The extent of Luddism
Posted by Linden on May 24, 1998 at 20:28:40:
In response to Okay, before we start, written by Caroline on May 23, 1998 at 23:50:38
] Riots were not rare, and were not just a result of the changes in the textile industry.
Agreed. But the Luddite rebellion (I'm sticking to that word rather than "riot") was something more.
] Although the Luddite riots were the most famous , there were instances in other years. To find out if 1805 was a quieter year, I'm going to have to do some looking....please bear with me.
Thanks - I'll look too.
] The riots were concentrated in the cities, obviously...
No. The strongest areas of Luddite activity were in the small textile villages, where everyone knew everyone else. This was its main strength in Notts and the West Riding. They knew exactly which frames to break, and avoided those of people who were doing the right thing (ie in stocking-making, providing "full fashioned work at the old fashioned price" rather that cheap shoddy stockings).
For Pemberleyans who don't know that part of England, there are large numbers of small country villages with (at least once) an industrial as well as an agricultural component (and often mining). We are so used to thinking of the North of England as Manchester, Sheffield etc. that we forget the industrial villages. (BTW: if anyone from outside the UK is planning a holiday, they are well worth visiting, as they are often very beautiful. Think of the BBC shows like "All creatures great and small" and "Heartbeats," or DH Lawrence's "Lady Chatterley's Lover" and you'll get a good idea.)
] Did you have a particular location in mind for Pemberley? Although there is some dispute about where it "is" exactly, none of the suggested places are industrialised ones .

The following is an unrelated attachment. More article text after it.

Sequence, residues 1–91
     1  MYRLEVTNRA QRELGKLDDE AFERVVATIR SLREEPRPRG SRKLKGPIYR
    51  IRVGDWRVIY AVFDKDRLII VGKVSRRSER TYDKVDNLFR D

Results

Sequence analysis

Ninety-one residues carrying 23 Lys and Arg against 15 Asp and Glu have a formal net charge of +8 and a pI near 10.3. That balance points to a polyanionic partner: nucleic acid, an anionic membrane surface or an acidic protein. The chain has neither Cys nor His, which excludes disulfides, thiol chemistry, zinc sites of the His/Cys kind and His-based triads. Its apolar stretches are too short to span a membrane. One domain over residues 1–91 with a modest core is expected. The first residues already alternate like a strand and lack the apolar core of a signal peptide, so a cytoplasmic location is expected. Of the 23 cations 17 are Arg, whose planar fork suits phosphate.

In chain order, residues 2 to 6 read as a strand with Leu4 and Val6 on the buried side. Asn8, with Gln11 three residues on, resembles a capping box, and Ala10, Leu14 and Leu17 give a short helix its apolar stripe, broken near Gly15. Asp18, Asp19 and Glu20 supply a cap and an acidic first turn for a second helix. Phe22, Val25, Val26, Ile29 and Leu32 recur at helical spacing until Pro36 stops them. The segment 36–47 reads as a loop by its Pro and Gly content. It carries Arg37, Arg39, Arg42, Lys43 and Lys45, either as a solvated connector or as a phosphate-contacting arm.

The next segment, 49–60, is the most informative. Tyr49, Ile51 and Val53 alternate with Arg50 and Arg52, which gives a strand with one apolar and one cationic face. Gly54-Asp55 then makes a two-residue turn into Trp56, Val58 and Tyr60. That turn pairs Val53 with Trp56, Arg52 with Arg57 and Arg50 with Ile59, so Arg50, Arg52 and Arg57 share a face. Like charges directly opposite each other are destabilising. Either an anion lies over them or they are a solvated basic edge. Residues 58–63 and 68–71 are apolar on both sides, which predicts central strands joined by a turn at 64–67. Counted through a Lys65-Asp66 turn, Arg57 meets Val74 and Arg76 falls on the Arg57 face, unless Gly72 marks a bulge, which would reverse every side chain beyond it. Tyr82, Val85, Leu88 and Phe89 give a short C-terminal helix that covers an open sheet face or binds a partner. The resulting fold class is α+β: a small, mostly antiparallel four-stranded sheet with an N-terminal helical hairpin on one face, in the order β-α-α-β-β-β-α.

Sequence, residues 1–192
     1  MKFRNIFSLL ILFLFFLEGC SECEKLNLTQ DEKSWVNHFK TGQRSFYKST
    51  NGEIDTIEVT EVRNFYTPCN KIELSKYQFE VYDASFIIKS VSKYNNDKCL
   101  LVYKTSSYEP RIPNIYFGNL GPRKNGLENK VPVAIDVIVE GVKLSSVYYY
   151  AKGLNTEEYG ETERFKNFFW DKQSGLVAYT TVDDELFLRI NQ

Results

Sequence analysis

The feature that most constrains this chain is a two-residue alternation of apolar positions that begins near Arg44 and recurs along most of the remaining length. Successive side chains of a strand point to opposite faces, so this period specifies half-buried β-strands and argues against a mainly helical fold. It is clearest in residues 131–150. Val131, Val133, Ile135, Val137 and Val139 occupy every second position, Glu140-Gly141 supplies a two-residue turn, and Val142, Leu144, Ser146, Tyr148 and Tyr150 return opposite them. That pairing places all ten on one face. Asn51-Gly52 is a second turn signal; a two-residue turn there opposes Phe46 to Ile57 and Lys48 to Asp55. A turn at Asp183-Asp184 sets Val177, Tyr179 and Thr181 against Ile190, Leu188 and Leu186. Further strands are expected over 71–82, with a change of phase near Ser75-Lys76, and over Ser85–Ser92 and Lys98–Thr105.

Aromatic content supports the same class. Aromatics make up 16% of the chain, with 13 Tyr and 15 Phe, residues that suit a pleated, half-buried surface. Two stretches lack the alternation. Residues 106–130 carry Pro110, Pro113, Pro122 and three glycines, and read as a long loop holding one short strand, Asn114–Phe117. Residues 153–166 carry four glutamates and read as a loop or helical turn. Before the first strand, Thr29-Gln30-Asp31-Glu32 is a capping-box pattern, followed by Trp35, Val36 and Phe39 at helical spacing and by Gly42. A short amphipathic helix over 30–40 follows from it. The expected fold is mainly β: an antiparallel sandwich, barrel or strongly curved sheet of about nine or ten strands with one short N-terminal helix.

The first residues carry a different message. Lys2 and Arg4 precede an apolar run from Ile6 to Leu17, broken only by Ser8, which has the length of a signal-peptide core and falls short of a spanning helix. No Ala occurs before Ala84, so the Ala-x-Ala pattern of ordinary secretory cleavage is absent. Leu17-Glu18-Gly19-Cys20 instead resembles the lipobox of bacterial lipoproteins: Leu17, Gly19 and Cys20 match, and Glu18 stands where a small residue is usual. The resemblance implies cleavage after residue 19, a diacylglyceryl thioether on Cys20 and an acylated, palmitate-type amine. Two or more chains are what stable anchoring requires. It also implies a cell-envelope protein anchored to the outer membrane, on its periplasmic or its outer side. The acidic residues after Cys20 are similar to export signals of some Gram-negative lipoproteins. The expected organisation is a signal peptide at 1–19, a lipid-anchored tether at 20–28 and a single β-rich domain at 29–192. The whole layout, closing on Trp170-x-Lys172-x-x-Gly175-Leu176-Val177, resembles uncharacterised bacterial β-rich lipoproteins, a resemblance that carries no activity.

Totally wild guess, on which none of my argument is based, is that I'd put Pemberley within 30 miles of "The Dukeries," chock full of stately homes, on the S Yorks border with Notts/Derby. If Mr Bingley is a Yorkshireman, as his name suggests, he might well decide to settle there ("in a neighbouring county" to Darcy and Lizzy.)
I shall attempt in the near future to get a map of the area posted, but as I haven't posted a graphic before, it may take me a little while to work out how to do it.
] The other thing that you should remember is that any kind of civil unrest only really affects the area it happens in. If there are riots on Nottingham, it doesn't affect the sleepy little town of Lambton, Derbyshire very much. People still farm their land, milk their cows, visit their childhood haunts. This might be hard to understand, but if you live in a place of civil unrest, or near a place of civil unrest, you don't stop doing normal things- in fact you carry on with normality as a way of dealing with it. I can only explain this from my own experience, about which I'm a bit reluctant to expand too much, but I can assure you that if a bomb goes off one day, ten miles away from you, you don't stop your normal routine.You carry on as normally as you can.
] I too have been caught up in civil unrest which wasn't directed at me (a religious war against Muslim heretics in Kano in Nigeria). We did not go about our normal business without mentioning it. It was the main topic of conversation, and did affect our daily lives in what we were prevented from doing.
] All this doesn't negate the fact that you are quite right, and that 1805 has Nov.26 as a tuesday, just as 1811 does. I'm not sure why Chapman picked 1811 over 1805, but I think I've got his reasoning somewhere..give me a bit of time to look for it, will you?
] Meanwhile, if anyone else has any thoughts, please put them up! Challenging Chapman is a rather cheeky thing to do- however, it could prove interesting!
And why not!
Thanks for joining in.
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